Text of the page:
Sorry for the loss of your brother and pup. I stopped fishing the bay for 5 years after my dad passed as we were always the team. I figured out finally that he would want me to carry on and continue to enjoy the outdoors. In both fishing and hunting I don't have the fire I once had and while I am approaching 70, I still get out in the field and on the Chesapeake when I can. I hope you can find your way to get out once again.
  5. The Other David

    The Other David Elite Refuge Member

    Apr 15, 2000
    Welcome to the Refuge!
    sgt duck and stevena198301 like this.
  6. Little Ruddy

    Little Ruddy Elite Refuge Member

    Oct 24, 2002
    I think it's all revelant. As we all get older,there's things you just can't do when you were much younger. The key is to recognize your limitations and adapt to them and keep on going. Even if you can't get out but A few times each season, or hire a guide service to do the leg work and get out there and hunt. Remember...we are all water fowlers!
  7. JBeaux's O/U

    JBeaux's O/U New Member

    Feb 1, 2016
    New poster here. I normally just read and observe but this post caught my attention. I am sad for your loss. I am sure your brother would want you to continue on, or live your life to the fullest hunting or not. Some of my best hunting memories are with my dad, brother, best friend and sons... The memories we have of times shared at the hunting camp, in the blind, after we got a buck, when we crushed the bluebills in-the snowstorm etc are truly some of the best.

    I am only 48, but. Ome to think about it, i dont really hunt as hard as i used to. I have 3 boys 19, 16 and 13 all really enjoy hunting, but ones in college and it seems my other two always have competotive travel baseball going on so i guess other joys of life also occur tha My role has become more about taking them hunting and kindling their fires for it, as well as making sure my dad gets to go as well. We do t normally hunt alone, for me the hunting has always been about the comradery etc...not much interest in hunting alone...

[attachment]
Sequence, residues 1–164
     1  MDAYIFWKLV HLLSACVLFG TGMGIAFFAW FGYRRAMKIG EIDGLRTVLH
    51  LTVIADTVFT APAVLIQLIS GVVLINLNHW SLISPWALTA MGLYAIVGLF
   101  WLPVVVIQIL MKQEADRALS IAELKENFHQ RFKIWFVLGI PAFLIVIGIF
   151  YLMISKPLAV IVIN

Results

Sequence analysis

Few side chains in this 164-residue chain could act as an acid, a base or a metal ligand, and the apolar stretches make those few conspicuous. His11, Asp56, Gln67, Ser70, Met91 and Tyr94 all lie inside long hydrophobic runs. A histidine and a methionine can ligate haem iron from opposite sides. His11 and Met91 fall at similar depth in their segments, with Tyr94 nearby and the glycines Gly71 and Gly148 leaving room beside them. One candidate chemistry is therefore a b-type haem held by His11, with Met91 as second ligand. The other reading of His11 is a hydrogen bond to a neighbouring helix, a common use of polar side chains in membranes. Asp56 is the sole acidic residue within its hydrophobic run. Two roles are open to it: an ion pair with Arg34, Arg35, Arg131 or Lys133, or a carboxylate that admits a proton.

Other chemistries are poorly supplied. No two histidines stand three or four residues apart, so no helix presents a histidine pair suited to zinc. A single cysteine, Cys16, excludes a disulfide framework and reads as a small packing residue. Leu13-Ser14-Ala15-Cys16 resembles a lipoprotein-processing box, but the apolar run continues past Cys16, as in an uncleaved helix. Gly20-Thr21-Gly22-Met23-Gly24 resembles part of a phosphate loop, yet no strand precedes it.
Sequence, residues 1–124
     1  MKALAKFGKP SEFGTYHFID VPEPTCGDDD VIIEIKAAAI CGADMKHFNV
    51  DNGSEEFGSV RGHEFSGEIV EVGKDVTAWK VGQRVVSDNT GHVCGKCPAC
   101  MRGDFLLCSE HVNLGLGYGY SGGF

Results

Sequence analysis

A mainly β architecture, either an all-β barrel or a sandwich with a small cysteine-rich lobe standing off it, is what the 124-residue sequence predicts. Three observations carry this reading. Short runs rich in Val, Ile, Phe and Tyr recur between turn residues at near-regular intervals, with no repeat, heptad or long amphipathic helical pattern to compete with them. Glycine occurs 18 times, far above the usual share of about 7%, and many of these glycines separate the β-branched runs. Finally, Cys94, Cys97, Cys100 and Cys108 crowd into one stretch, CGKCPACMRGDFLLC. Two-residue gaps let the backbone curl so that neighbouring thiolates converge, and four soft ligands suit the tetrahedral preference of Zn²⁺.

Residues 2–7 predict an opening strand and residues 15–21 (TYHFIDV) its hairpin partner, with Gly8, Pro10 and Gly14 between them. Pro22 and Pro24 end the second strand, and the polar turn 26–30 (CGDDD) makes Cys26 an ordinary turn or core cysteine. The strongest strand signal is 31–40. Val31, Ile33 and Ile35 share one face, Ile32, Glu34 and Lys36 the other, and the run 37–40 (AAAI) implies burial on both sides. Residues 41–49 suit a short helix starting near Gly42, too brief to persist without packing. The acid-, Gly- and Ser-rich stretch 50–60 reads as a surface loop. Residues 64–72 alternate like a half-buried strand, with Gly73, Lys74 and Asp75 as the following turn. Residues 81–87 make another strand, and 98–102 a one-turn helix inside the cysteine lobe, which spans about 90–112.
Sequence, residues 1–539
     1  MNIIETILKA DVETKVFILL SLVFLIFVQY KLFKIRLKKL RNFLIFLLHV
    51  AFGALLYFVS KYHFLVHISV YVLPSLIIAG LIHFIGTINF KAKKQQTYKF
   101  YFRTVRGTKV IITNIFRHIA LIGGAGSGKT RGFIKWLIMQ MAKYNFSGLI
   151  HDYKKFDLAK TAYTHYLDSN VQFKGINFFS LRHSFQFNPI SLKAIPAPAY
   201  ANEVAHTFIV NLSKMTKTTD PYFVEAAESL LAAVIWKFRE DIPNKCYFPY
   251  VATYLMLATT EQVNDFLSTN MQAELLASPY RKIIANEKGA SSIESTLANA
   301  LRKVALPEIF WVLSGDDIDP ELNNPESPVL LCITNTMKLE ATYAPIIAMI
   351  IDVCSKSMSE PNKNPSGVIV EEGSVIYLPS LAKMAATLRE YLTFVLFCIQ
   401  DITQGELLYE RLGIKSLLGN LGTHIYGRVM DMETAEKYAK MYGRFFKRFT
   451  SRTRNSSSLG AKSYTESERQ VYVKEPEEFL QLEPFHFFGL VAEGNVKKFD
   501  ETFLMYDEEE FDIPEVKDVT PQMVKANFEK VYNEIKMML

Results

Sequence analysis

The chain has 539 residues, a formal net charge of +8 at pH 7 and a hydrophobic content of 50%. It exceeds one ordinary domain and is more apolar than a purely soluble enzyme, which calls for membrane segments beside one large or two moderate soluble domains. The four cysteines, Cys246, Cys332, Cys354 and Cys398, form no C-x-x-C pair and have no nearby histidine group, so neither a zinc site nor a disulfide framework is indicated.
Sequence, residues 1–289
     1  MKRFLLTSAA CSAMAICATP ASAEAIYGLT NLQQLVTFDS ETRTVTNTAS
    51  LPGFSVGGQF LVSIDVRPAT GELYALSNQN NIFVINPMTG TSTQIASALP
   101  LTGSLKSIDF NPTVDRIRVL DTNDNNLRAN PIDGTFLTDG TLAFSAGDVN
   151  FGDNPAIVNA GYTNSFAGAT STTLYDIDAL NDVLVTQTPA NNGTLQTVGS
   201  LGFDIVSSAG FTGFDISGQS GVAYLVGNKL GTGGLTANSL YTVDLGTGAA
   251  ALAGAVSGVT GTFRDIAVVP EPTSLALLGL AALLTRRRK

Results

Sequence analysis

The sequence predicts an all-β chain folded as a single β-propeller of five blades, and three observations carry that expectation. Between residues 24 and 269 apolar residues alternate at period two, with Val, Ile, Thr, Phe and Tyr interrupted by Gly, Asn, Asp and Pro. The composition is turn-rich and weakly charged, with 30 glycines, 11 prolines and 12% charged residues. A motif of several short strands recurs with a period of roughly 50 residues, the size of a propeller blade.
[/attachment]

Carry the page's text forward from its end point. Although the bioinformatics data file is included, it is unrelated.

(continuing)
I have seen some of my hunting partners slow down as they got older, happened to my father in-law. Was sad when he just decided to hang it up. My dad on the other hand is pushing 80 and still drops it into 4 wheel wader drive beaver pond hunting, if i want to go he is always ready.

    I think that the reasons we hunt change as we get older. When we are younger we quest for the kill, for pulling the trigger...Then we are teaching younger ones and the kids. Then spending time with our older parents, helping them as we hope our sons will some day help us to continue to go. Then just for the greater appreciation of being outside, seeing the birds work, hearing the wings, watching the dog do what they live for doing, seeing another sun rise, or a perfect full moon as you head out in the boat to the blind. For me the whole thing is way more than the pull of the trigger, (of course i oike to crush em with the best of yall) i am just saying i hope you can see all the reasons why your brother would want you to continue to live your life in an extraordinary fashion. My best to you, and prayers.

  8. cast&blast

    cast&blast Elite Refuge Member

    Feb 11, 2010
    ^^^^^^^ That’s a nice post. Welcome aboard.
    WHUP ! Hen and stevena198301 like this.
  9. metalworx

    metalworx Senior Refuge Member

    Nov 5, 2014
    I'll second that!!!
  10. Lip Shooter

    Lip Shooter Elite Refuge Member

    Mar 25, 2014
    Bottom of the Slough
    Thank you Jake!